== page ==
Anyone who's ever tried to hold two magnets together has felt the surprising power of magnetism. If the magnets have opposite poles, they'll attract each other so forcefully that they may leap from your grip and go skidding across the floor. On the other hand, if they share polarity, they'll repel each other. With such huge stores of invisible power, isn't it likely that magnetism could be a source of efficient, green energy?
Harnessing magnetism to produce energy is an idea that's been around for years. Several companies on the Internet claim to have produced magnetically powered perpetual motion devices that run completely on their own, infinitely, without ever stopping. Physicists have long warned that such devices are impossible, however. The idea that a machine could generate energy without first being powered itself by some outside source violates the first law of thermodynamics. Furthermore, machines that supposedly operate indefinitely with no friction and no need for cooling systems violate the second and third laws of thermodynamics.
Even though perpetual motion generators are a theoretical impossibility, new research suggests that magnetism may play an important role in a number of other emerging clean technologies. Recently, scientists at the University of Michigan concluded that it may be possible to use magnetic fields to collect solar energy directly without the need for semiconductors, potentially reducing the cost of solar power [source: EPOnline].
Researchers are also working on a number of other green technologies involving magnetism. Some day soon, we may be able to recharge magnetic batteries with a few vigorous shakes. Yale researchers have also invented a lead-free solder that uses a magnetic field to melt a tin-silver alloy. Removing lead solder from household electronics would make them considerably cleaner, greener and more recyclable. Last but not least, engineers at Columbia University are experimenting with nanomagnetic materials to make computer chips more energy efficient.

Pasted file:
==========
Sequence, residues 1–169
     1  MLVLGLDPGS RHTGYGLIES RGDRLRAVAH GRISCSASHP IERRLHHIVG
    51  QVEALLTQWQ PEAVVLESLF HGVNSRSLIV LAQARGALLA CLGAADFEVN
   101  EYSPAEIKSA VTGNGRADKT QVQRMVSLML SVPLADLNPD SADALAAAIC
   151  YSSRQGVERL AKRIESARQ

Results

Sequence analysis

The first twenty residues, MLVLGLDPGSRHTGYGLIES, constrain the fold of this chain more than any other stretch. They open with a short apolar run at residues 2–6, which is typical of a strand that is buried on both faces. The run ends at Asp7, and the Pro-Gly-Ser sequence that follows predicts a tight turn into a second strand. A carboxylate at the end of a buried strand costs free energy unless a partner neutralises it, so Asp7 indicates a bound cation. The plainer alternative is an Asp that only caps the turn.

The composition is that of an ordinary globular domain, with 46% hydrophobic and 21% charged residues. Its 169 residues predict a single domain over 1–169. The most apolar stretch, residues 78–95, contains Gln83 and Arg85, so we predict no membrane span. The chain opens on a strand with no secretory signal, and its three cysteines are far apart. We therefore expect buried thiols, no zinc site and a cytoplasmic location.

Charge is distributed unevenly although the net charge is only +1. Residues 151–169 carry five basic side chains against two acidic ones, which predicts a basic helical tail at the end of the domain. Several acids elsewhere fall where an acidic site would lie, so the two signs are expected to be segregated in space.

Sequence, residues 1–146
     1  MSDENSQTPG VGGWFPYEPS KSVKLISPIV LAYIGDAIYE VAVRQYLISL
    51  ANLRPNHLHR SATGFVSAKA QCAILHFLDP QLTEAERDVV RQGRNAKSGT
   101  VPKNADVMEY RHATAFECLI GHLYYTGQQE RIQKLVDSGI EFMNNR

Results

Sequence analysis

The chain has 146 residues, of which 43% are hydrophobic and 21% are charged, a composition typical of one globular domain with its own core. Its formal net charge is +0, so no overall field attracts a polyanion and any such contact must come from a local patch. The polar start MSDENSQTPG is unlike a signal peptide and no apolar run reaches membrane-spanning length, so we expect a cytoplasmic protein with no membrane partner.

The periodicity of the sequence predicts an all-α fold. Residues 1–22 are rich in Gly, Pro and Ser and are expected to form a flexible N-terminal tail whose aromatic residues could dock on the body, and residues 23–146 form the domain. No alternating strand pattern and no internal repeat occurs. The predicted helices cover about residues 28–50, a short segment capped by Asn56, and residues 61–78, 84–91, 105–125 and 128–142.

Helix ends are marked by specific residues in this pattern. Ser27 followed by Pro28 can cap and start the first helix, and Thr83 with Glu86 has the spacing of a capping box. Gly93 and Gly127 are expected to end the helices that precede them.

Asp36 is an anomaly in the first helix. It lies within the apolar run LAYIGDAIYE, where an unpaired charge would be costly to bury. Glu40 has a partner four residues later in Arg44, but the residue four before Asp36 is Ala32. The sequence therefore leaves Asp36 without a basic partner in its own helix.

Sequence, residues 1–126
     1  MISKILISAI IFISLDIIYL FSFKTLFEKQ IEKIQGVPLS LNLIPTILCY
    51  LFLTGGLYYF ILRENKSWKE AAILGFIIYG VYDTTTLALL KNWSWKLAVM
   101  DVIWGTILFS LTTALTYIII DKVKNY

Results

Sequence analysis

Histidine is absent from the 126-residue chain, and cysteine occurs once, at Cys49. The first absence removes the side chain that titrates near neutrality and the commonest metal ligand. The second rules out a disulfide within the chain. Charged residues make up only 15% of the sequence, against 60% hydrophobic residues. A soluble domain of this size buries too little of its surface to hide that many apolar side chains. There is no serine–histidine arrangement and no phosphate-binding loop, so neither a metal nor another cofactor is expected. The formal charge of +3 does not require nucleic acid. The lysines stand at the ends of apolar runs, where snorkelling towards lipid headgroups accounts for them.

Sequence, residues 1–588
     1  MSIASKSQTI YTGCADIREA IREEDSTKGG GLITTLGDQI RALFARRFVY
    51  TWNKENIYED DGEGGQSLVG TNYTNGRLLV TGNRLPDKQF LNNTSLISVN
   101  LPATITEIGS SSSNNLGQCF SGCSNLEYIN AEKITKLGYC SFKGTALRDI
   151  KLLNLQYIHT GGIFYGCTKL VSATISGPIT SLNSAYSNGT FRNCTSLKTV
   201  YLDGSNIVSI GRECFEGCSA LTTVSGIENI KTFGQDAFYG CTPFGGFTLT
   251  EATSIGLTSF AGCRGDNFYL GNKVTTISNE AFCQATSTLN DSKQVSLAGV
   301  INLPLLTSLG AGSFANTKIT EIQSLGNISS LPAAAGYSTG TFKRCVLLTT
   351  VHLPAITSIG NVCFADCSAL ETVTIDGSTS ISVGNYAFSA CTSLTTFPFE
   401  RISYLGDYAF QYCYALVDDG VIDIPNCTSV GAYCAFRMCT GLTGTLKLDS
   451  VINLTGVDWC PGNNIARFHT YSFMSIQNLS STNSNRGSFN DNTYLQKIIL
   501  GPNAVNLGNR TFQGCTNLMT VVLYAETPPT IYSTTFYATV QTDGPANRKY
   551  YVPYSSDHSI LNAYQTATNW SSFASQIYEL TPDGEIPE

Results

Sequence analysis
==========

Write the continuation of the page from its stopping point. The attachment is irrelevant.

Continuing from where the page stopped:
So, is magnetism a source of green energy? Sort of. Magnetism by itself may not provide a new source of green energy. However, it's clear that it could play a big role in lowering costs and improving efficiency for a number of renewable energy sources.
Feel drawn to the next page? There's lots more information after the jump.
More Great Links
- Casey, Tina. "Columbia University Looks to Nanomagnetic Materials for Energy Efficient Computer Chips." CleanTechnica.com. Feb. 3, 2010. (April 22, 2011) http://cleantechnica.com/2010/02/03/columbia-university-looks-to-nanomagnetic-materials-for-energy-efficient-computer-chips/
- Casey, Tina. "'Intense Magnification' Could Produce Solar Power Without Solar Cells." CleanTechnica.com. April 21, 2011. (April 22, 2011)http://cleantechnica.com/2011/04/21/intense-magnification-could-produce-solar-power-without-solar-cells/
- Casey, Tina. "New 'Liquid Magnet' Solder Eliminates Toxic Lead." Scientific American. March 7, 2010. (April 22, 2011) http://www.scientificamerican.com/article.cfm?id=new-liquid-magnet-solder-eliminates-2010-03
- DeMorro, Chritopher. "ShakeEnergy: A New Kind of Rechargeable Battery." CleanTechnica.com. July 23, 2009. (April 22, 2011)http://gas2.org/2009/07/23/shakenergy-a-new-kind-of-recharable-battery/
- Department of Physics: University of Illinois. "Q&A: Alternative Magnetic Energy." Oct. 13, 2006. (April 22, 2011)http://van.physics.illinois.edu/qa/listing.php?id=2845
- EPOnline.com. "Solar Power Without Solar Cells." April 21, 2011. (April 22, 2011)http://eponline.com/articles/2011/04/21/solar-power-without-solar-cells.aspx?admgarea=News